LONDON -- Human rights lawyer Amal Clooney accused world leaders Wednesday of failing to protect journalists and responding with "a collective shrug" over the slaying of Saudi writer Jamal Khashoggi.
Clooney, the British government's envoy on media freedom, said at a conference on press freedom that "journalists are under attack like never before," not just while covering wars but for exposing crime and corruption.
"The vast majority of these murders go unpunished," she said, adding that "world leaders responded with little more than a collective shrug" to Khashoggi's killing by agents close to the Saudi crown prince.
The Washington Post columnist was killed inside Saudi Arabia's Consulate in Istanbul last year.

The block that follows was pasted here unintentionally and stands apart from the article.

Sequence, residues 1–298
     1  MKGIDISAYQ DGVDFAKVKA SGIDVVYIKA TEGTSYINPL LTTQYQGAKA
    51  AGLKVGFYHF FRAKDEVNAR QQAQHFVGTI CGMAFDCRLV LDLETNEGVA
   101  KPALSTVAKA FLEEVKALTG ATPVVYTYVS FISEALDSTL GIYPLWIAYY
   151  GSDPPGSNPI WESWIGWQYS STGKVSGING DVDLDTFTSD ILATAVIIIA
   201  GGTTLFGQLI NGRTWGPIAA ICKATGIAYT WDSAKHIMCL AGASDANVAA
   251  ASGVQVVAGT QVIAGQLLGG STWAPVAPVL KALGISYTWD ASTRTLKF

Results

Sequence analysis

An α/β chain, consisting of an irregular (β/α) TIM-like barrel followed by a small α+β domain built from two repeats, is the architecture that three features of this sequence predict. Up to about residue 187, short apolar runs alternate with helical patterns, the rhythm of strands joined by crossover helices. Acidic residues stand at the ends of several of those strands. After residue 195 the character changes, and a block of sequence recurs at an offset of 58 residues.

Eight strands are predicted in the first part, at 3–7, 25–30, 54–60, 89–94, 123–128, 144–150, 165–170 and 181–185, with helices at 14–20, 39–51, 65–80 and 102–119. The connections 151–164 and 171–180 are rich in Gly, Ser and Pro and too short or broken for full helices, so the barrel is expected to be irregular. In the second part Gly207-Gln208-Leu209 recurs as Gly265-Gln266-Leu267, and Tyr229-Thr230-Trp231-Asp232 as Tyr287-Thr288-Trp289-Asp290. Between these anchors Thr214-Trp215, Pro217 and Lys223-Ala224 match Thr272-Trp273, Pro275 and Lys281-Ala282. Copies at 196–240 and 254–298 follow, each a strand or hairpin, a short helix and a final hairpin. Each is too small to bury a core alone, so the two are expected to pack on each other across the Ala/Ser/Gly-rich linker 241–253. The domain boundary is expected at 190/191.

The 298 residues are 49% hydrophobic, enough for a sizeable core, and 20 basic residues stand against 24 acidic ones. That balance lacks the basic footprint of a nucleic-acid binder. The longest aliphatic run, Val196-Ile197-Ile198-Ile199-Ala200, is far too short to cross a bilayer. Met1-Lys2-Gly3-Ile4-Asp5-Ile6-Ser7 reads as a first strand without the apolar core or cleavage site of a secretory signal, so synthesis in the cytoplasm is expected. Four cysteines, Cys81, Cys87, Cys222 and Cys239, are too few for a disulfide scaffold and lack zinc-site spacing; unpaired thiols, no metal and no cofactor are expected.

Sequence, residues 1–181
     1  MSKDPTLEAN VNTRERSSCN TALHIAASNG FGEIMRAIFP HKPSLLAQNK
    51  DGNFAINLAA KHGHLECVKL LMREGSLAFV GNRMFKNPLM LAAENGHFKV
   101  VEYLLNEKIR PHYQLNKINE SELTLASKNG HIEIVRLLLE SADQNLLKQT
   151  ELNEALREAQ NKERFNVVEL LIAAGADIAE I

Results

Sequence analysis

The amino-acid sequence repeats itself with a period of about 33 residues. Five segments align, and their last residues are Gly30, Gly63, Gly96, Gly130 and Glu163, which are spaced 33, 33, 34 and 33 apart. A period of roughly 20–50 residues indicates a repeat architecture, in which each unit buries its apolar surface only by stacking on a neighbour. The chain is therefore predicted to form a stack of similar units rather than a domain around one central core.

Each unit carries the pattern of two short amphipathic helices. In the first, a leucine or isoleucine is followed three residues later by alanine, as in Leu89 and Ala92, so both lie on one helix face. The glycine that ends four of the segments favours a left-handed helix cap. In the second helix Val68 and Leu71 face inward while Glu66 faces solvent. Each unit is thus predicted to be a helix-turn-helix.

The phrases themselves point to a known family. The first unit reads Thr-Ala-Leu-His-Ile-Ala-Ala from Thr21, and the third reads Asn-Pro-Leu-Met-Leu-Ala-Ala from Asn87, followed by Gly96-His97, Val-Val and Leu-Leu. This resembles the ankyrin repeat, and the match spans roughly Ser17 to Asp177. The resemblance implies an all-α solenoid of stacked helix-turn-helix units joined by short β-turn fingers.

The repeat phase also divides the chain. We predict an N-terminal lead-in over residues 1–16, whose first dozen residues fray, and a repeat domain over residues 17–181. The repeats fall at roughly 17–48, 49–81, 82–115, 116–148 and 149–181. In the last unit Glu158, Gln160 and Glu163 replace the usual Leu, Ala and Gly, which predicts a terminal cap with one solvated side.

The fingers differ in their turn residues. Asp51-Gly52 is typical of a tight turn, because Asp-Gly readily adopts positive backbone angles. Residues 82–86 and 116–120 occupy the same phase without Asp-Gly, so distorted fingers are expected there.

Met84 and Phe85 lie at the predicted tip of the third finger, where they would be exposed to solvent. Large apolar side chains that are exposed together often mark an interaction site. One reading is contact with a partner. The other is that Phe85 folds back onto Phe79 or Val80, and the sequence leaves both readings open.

According to the United Nations cultural body UNESCO, 99 media workers were killed worldwide in 2018.
The London conference where Clooney spoke was called by U.K. Foreign Secretary Jeremy Hunt and Canadian Foreign Minister Chrystia Freeland with the aim of improving protection for journalists around the world.
The gathering announced the founding of a global fund to provide training, legal support and other resources for journalists in danger zones, administered by the U.N. cultural body.
It's unclear how much money the fund will have; Britain committed $3.8 million and Canada $760,000 Canadian dollars.
Politicians, officials, activists and journalists from more than 100 countries attended the two-day meeting, but two Russian news outlets were banned.
The British government said Russian news agency Sputnik and state-owned TV network RT were excluded because of their alleged "active role in spreading disinformation."